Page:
Rev. Johan Olivier Last Three Sermons:  


October 9

Scripture Reading Luke 17:11 – 19

Sermon
Thanksgiving Sunday reminds us that life is out of joint when we fail to give thanks.

A rabbi once said: Gratitude is the key to a functioning faith - I did not make the air I breathe, nor the sun that warms me; I know I am not a self-made man.

The way by which some people receive and receive and receive yet without ever saying “Thank you” is perplexing – perplexing it seems, even to Jesus in our reading today: Didn’t I heal ten men? Where are the other nine? Does only this foreigner return to give glory to God? (17,18)

I know it’s not true of everybody but there are people who act much like the little boy who was given an orange by a man. The boy's mother asked: What do you say to the nice man? The little boy thought for a moment and then handed the orange back to the kind man and said: Peel it.

Failing to express gratitude sooner or later fosters a sense of entitlement.

After being surprised at the fact that only 1 out of 10 had returned with thanksgiving, Jesus says to the Samaritan who did come back, Stand up and go. Your faith has made you well.

All ten lepers were healed, but there is a hint in Jesus’ final words that maybe just the one who came back to say “Thank you” was also healed in some deeper sense. Perhaps Jesus is hinting that only those who properly respond by giving thanks to God for his goodness show that they “get it,” and that they have a spiritual understanding of how the universe works and through their gratitude everyone can see that salvation is operative in their lives.

The Samaritan in our reading today sets a wonderful example for us all.

He saw a reason to praise God. He saw that his life was forever changed for the better. He saw a change that only Jesus could have made possible.

His trip to the priest at the temple was suddenly a pointless trip. He realized he had just encountered the very presence of Almighty God. He had just received the very best gift anyone could ever hope to receive.

And the only place he needed to go was back to the source of that presence, back to Jesus, back to the one who makes all things new and possible.

We never hear about the other nine lepers again. They were cured. They took the traditional path and were ritually declared “clean” by a priest; but they never returned to Jesus. They were re admitted into the world they had been banished from, but they missed out on their ticket to a new existence, to a new reality that was beyond anything they had ever known before.

The challenge of our reading and a true Thanksgiving celebration is not to keep our gratitude within our carefully structured lives but to turn around and step into the holy presence of Christ the bringer of healing and new life!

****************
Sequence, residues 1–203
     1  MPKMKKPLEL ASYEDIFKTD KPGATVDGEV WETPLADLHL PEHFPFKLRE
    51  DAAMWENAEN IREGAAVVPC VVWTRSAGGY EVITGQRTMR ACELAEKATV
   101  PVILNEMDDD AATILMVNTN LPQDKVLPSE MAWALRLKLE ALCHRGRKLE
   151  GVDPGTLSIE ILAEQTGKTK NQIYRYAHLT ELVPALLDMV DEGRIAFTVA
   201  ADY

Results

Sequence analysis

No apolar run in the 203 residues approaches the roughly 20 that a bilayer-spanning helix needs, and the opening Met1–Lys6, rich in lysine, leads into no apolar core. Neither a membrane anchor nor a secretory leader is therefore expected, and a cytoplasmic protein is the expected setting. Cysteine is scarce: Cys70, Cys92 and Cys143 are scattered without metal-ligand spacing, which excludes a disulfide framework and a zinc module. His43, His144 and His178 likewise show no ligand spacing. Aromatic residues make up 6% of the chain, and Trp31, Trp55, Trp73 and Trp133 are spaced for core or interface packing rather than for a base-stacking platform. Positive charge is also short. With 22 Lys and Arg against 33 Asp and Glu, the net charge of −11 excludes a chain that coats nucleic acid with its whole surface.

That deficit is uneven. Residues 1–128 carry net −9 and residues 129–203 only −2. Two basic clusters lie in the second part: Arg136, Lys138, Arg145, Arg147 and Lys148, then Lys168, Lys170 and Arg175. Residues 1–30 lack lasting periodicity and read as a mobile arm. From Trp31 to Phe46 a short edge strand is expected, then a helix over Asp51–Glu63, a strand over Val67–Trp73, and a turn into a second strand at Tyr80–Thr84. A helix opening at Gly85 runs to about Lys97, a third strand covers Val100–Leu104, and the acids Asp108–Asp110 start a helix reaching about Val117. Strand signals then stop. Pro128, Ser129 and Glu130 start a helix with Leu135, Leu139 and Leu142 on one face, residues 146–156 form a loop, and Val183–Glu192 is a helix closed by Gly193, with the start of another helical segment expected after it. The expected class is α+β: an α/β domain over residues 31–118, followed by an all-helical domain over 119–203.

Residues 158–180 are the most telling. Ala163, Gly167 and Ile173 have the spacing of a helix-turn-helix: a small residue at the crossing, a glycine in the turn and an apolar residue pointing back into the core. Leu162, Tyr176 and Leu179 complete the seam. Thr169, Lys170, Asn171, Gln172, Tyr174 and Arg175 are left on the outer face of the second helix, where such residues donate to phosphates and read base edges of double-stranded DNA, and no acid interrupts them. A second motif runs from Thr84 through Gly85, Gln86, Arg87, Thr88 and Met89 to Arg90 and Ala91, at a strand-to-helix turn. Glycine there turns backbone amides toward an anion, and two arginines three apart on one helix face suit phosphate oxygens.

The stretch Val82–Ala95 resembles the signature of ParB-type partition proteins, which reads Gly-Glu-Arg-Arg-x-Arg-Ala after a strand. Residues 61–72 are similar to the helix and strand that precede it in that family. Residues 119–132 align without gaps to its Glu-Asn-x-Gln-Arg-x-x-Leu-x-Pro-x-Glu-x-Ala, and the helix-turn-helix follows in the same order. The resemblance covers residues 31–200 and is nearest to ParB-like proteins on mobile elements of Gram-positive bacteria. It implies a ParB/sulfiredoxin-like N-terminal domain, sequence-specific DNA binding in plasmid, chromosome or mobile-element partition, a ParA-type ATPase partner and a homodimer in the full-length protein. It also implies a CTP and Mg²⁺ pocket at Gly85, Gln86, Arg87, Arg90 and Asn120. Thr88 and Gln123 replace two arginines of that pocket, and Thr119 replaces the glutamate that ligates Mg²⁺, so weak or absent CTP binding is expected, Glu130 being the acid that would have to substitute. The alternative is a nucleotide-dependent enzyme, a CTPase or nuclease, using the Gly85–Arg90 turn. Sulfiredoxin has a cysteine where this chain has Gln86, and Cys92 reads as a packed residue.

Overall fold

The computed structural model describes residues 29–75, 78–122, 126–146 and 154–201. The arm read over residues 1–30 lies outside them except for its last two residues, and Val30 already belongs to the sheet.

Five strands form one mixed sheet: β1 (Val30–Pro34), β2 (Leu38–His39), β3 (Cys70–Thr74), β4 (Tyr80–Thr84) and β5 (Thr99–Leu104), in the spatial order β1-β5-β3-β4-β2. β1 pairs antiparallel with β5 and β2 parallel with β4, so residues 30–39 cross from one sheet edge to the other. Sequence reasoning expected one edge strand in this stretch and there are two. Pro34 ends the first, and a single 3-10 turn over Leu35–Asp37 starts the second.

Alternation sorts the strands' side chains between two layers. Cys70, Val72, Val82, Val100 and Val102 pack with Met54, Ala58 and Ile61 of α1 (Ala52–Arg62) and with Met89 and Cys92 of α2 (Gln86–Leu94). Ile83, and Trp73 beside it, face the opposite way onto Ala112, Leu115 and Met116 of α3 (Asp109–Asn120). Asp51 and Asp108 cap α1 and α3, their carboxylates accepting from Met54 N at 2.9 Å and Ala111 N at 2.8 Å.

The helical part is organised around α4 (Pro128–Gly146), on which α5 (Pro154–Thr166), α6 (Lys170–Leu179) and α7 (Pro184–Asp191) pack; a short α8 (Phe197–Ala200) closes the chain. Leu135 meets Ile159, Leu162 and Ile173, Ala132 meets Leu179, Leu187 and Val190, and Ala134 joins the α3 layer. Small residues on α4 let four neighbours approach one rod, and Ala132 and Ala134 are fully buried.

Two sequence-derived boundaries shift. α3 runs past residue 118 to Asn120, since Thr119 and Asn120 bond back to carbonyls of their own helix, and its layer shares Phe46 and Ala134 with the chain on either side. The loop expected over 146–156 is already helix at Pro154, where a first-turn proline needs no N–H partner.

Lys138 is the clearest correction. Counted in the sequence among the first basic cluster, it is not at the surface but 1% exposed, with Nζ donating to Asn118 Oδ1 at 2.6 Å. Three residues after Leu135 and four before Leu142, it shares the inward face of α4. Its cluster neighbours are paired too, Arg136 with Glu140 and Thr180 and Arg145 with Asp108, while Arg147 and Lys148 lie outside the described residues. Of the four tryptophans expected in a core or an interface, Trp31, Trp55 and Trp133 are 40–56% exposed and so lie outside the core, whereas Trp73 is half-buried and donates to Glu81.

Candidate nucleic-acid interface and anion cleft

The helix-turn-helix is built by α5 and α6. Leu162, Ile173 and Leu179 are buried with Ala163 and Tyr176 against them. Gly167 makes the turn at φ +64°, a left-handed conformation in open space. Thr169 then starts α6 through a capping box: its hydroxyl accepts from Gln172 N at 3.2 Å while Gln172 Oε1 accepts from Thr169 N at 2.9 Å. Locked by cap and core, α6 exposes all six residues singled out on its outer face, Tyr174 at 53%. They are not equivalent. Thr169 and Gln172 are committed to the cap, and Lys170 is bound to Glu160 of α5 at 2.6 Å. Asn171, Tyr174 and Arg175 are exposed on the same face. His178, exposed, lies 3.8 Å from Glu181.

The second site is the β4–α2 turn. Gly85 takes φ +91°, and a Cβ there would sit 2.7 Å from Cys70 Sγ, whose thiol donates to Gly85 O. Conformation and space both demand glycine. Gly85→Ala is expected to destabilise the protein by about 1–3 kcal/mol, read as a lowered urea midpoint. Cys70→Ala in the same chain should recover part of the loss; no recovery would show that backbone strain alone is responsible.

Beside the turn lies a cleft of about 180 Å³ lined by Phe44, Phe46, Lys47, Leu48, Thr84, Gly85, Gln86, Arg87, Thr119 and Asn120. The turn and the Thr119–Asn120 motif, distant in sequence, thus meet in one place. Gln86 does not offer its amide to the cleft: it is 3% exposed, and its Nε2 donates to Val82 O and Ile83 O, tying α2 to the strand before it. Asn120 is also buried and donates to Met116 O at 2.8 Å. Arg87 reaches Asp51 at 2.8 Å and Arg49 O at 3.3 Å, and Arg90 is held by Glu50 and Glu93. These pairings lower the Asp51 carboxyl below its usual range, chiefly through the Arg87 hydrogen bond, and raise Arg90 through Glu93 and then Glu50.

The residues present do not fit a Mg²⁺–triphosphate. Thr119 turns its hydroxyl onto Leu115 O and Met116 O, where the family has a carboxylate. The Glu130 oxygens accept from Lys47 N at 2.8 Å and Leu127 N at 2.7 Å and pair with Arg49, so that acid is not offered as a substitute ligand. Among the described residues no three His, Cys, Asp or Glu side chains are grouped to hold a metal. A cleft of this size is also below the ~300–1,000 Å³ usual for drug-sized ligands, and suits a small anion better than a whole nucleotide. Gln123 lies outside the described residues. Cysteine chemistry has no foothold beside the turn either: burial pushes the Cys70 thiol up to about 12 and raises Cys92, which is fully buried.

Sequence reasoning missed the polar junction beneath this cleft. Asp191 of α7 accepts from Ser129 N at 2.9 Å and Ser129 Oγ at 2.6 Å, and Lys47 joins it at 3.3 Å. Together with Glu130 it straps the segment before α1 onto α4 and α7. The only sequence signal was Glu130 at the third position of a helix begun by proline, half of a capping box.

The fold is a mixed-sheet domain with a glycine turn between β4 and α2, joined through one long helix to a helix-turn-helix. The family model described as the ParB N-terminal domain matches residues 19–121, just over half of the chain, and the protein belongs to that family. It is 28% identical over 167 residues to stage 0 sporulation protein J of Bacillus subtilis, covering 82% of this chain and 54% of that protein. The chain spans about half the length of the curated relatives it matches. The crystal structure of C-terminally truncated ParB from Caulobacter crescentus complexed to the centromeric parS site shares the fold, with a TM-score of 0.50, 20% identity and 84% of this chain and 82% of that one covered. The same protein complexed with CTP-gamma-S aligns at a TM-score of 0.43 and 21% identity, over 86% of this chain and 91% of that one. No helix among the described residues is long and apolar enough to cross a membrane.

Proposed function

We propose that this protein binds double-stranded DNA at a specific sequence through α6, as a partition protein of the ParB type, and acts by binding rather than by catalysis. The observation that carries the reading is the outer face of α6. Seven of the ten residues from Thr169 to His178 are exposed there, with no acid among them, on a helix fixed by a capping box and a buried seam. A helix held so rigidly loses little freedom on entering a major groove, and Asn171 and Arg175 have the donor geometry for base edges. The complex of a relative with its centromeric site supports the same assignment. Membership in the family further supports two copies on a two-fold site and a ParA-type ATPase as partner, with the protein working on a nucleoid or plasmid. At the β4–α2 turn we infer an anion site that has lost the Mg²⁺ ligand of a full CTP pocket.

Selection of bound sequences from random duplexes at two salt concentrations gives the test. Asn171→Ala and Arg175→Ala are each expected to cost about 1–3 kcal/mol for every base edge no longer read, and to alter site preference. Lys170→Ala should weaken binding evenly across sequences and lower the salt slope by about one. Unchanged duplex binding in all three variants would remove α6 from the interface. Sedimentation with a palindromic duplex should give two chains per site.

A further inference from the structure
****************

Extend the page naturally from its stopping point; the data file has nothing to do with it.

Jesus is able to reach us and save us. When these lepers could not get to Jesus, Jesus got to them and we come to understand Jesus comes to us as well and we should turn around and we give thanks!

There are so many obvious things we give thanks for today – our wonderful safe country, enough to eat and drink, a home or an apartment we live in etc.

I want to close – in my preparation for today I came across a story of a father and mother of a young soldier deployed in military service overseas and he unfortunately lost his life in action. His parents came to their pastor wanting to give a monetary gift as a memorial to their son who died in battle. The pastor said: what a wonderful gesture and asked if he could share their gesture with the congregation. They agreed and the next Sunday he told the congregation of the gift given in memory of the diseased son. On the way home from church, another couple was driving home when the husband said to his wife: Why don't we give a gift because of our son? And his wife replied: but our son didn't die in any conflict! Our son is still alive! Her husband replied: That's exactly my point! That's all the more reason we ought to give in thanks to God.
Let’s all look into our lives – we will find a reason to thank God today and every other day of our lives!


October 2

Scripture Reading 1 Corinthians 10: 14 – 22

Sermon
A shared meal is considered a sign of friendship. Many a time one of the first things a couple does when they start dating is to go out to dinner. Frequently executives from companies that merge would seal the deal with a meal. One of the functions of a wedding reception, with all its food and drink, is to draw the bride and groom's families together.

There is something fundamentally human about eating together. In fact, sharing meals is one thing that separates humankind from the animals – do yourself a favour and watch some YouTube clips on lions or hyenas or wolves feeding on a carcass. Human beings turn eating into a social event, where it's considered an insult to "wolf" your food or eat "like a pig."

Sharing a meal together has a way of breaking down barriers and bringing people together.

No one understood this better than Jesus.

No meal has greater power to unite people than the Supper of Our Lord where we receive the bread and juice, symbolizing the body and blood of Christ and in some special, mystical way, people are brought together in Him not divided by age, gender, race or social status because we are all the guests of Jesus at his table.

Listen to verse 17 again: we all eat from one loaf, showing that we are one body.

When I observe the world we live in, I see so much "division". Nations are divided against another. Countries are divided within themselves, the worldwide church is divided, many denominations are divided amongst themselves; some congregations are divided and many people find themselves in divisive camps in society and sometimes in congregations.

The Lord's Table is not a place of division but a place of love, unity and solidarity; a place of oneness for all of God's people.